Notes (0)
Bookmarks (0)

You have no saved items from this book

Project items include:
  • Saved book/article
  • Highlights
  • Quotes/citations
  • Notes
  • Bookmarks
Notes
Cite this page

Cited page

Style
Citations are available only to our active members.
Buy instant access to cite pages or passages in MLA, APA and Chicago citation styles.

(Einhorn, 1992, p. 25)

(Einhorn 25)

1. Lois J. Einhorn, Abraham Lincoln, the Orator: Penetrating the Lincoln Legend (Westport, CT: Greenwood Press, 1992), 25, http://www.questia.com/read/27419298.

Cited page

Bookmark this page
Self-Evaluation in the Global Classroom
Table of contents

Table of contents

  • Title Page iii
  • Contents v
  • List of Figures ix
  • List of Tables xi
  • Introduction 1
  • Part I - The Learning School 3
  • 1 - The Story Begins 5
  • 2 - What We Did 15
  • 3 - Tools for Schools 27
  • 4 - A Lifetime of Learning (In One Year) 36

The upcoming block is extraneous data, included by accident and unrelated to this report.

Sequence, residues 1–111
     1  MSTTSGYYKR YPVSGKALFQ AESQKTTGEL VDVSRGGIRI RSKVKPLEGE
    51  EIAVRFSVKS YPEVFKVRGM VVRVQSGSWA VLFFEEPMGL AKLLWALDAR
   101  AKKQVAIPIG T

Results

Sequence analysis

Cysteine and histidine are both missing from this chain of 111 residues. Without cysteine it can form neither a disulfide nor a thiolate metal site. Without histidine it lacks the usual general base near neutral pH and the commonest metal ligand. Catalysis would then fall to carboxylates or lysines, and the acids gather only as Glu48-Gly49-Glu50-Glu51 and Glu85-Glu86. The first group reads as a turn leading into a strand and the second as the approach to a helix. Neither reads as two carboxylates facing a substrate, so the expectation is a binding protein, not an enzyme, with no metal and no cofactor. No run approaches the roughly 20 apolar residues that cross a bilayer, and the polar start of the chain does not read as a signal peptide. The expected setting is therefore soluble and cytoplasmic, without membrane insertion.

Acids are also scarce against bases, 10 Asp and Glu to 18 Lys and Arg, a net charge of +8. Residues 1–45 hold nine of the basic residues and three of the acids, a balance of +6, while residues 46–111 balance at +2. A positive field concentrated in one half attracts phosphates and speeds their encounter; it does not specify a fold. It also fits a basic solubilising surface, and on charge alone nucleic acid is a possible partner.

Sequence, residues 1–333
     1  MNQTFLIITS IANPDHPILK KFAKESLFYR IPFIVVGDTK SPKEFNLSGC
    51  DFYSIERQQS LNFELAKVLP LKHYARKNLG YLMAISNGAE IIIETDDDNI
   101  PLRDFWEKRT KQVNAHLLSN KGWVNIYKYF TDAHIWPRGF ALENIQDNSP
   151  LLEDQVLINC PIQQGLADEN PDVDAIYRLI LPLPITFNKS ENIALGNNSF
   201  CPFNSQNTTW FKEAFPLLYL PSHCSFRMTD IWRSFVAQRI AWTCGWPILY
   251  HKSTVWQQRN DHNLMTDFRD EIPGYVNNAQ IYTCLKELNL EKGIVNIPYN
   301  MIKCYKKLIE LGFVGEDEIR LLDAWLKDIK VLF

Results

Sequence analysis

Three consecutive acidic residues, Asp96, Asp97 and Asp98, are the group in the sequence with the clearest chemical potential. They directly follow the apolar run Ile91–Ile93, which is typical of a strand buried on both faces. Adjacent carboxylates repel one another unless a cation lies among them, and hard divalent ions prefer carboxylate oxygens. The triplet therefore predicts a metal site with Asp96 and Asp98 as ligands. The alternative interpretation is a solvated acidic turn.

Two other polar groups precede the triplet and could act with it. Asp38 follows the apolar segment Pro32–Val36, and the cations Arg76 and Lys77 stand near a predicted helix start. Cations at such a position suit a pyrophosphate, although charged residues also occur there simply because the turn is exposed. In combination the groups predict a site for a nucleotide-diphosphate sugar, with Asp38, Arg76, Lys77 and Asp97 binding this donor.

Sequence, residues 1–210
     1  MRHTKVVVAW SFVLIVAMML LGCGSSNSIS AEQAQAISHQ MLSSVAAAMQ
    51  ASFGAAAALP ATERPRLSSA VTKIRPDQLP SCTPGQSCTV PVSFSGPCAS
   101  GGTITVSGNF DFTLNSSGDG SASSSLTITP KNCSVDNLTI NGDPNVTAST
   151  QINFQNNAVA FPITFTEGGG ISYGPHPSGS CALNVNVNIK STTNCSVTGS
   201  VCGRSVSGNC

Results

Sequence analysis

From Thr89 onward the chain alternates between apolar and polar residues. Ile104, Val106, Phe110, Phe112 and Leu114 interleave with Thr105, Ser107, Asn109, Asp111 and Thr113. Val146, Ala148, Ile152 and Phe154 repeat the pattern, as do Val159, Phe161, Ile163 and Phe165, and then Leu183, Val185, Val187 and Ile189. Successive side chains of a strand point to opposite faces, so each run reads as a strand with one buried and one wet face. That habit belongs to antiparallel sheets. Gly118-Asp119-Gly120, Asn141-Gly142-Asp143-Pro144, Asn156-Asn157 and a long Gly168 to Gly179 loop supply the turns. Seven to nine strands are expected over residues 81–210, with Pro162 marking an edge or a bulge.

• 5 - The Impact on the Schools 50
  • 6 - Expert Witnesses 65
  • Part II - Insights into the School Experience from the Learning School Students 73
  • 7 - A Place Called School 75
  • 8 - The School Day 84
  • 9 - Layouts for Learning 92
  • 10 - Subjects, Subjects, Subjects 98
  • 11 - Lessons, Lessons, Lessons 110
  • 12 - Who Do You Learn Most From? 117
  • 13 - Who Likes School? 125
  • 14 - Two Classes Compared 137
  • 15 - It All Depends on Your Point of View 149
  • 16 - A Life in the Day of Three Students 161
  • 17 - No Two the Same 175
  • 18 - Talking About Learning 183
  • 19 - Learning Out of School 203
  • 20 - Students and Their Parents 209
  • 21 - Lifelong Learning 219
  • 22 - Postscript 229
  • Bibliography 233
  • Index 235
Settings

Settings

Typeface